Exploring the space above our sky is not an exercise in science and mathematics. It is an exercise in human will and ingenuity. It reflects what we could be if we took action instead of posting our thoughts. If you saw the eclipse or any eclipse, I hope that you felt at least some things I felt. I hope it brought to light the fact that our everyday lives aren’t about what we see, feel and hear in front of us, but also the lives of 5 billion other people on this planet who share the same star, the same moon, the same clouds, and the same sky. Hopefully, we will understand the Sun and Moonshine for us, not him, her, or them, but for us.
In a sense, this is why the Solar Republic exists. The Solar Republic is more than about interplanetary space travel. It’s centered around the fact that we, as human beings, are capable of greatness. We are destined to travel the stars and discover new worlds. This is humankind’s destiny. We are, but one species are moving on a rock that revolves around one of the trillions of stars. We are mere quarks in comparison to our majestic universe. Yet, as mere specks, we are still capable of observing and comprehending it. That’s a gift we all should cherish every day.
The moon steadily moved in upon the face of the Sun. I remember thinking that even at 20%, the light from the Sun was still enough to light the entire sky. Only at that moment did I truly understand the power of the Sun. The warmth, the energy it provides is the catalyst for everything we know as life. The feeling I felt was of awe, serenity, and peace.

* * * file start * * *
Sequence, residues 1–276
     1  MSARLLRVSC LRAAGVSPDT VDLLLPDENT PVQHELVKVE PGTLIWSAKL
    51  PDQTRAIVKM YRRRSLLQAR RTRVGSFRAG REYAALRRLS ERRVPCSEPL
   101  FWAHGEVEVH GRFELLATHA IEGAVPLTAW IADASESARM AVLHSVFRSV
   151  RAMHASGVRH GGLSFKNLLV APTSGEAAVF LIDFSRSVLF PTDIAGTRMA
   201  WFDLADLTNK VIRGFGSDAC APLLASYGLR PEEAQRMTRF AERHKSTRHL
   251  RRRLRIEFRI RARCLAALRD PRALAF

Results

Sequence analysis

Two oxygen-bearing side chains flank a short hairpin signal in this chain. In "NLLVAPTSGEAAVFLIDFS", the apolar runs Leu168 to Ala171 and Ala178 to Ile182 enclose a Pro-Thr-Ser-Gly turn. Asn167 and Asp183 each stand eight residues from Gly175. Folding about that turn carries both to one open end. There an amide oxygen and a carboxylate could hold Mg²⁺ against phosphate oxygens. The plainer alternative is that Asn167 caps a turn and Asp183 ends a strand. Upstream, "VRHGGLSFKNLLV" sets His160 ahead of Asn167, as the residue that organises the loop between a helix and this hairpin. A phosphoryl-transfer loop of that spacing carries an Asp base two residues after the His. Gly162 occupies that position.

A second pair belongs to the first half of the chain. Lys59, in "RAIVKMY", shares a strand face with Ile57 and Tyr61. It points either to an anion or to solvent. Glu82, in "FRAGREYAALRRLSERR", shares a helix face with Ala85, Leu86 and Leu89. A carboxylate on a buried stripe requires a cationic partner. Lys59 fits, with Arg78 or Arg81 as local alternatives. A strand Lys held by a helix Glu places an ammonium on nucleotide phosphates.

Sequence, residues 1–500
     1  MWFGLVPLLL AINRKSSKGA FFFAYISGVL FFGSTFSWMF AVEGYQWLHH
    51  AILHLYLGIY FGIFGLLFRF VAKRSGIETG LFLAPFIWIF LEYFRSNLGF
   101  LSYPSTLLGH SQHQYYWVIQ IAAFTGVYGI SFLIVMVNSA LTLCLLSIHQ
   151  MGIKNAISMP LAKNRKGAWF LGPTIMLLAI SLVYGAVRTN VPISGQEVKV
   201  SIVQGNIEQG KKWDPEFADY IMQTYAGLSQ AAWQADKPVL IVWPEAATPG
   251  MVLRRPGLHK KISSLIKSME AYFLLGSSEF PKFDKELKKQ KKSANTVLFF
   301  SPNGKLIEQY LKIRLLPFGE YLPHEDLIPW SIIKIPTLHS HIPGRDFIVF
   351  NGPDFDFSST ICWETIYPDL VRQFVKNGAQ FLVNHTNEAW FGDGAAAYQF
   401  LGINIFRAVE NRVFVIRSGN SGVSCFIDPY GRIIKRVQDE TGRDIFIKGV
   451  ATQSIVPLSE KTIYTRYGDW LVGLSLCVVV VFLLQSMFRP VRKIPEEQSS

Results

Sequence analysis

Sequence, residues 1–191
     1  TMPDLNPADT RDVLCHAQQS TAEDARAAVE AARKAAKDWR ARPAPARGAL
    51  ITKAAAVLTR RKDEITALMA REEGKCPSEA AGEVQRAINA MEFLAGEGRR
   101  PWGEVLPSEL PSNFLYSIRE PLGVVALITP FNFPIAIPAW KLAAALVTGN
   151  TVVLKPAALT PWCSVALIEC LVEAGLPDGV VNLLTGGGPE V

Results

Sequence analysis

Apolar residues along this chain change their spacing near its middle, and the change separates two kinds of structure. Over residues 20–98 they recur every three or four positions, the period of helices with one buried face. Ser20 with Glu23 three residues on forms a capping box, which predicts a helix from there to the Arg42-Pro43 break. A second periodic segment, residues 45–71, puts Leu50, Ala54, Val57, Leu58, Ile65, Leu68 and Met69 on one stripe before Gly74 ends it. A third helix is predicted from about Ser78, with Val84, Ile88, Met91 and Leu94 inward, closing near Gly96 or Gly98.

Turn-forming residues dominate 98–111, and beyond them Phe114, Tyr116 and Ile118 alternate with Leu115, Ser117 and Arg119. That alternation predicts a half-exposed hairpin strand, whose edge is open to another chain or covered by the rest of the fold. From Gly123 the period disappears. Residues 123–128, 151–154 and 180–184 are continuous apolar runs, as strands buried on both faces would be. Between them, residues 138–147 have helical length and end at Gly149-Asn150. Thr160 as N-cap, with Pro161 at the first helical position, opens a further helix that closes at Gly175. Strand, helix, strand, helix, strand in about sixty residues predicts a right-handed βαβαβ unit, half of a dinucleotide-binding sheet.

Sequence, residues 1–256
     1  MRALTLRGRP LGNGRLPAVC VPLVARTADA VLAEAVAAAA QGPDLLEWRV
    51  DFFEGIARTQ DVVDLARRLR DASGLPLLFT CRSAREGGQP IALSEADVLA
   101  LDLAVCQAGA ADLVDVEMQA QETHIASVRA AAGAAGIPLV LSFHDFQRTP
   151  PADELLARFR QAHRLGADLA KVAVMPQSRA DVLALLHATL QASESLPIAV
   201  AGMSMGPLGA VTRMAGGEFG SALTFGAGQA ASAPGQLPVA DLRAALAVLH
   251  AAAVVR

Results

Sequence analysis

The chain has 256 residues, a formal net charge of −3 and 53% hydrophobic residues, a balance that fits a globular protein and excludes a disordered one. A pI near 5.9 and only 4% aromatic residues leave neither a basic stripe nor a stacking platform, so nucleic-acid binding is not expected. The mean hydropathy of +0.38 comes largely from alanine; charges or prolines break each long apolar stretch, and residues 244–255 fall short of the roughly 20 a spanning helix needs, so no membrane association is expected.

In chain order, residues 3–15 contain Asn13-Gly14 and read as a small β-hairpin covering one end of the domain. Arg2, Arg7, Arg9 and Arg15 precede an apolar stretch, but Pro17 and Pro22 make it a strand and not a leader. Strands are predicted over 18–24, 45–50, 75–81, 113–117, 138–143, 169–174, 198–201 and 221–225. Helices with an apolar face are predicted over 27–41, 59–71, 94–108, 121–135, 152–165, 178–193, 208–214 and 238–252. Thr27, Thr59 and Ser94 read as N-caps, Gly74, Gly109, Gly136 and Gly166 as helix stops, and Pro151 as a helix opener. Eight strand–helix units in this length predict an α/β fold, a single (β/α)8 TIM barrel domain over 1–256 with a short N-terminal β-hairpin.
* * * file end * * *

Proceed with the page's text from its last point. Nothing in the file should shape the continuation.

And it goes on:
There was a defining silence as I watched the moon move quietly, slowly, and mechanically across the face of the Sun. At that very moment, you realize that you are actually on a planet with a moon that orbits the Sun, and these things have absolutely nothing to do with you or any human for that matter. They revolve and rotate irrespective of how you felt when you woke up this morning, regardless of political affiliation, regardless of your social status or food you ate. They will keep moving when we are long dead and gone; the heavens will continue to move in perfect mathematical harmony. Yes, a thing that isn’t alive can move, on its own, without you, I, or anyone else – a truly spiritual and humbling feeling.
Quincy Bingham is a native Mississippian, world traveler, and digital marketing director. Although his bread and butter is digital marketing, his crowning achievement has been the Solar Republic brand, which embodies his values of kaizen, personal development, and lifestyle design. He has learned through professional and personal experience that change is the only constant in life, trust is the only real currency and consistency is the only vehicle that gets you to where you want to be in life.
He currently resides in Chicago, IL where he assists businesses, agencies, and non-profits grow their organizations with digital marketing and growth hacking principles.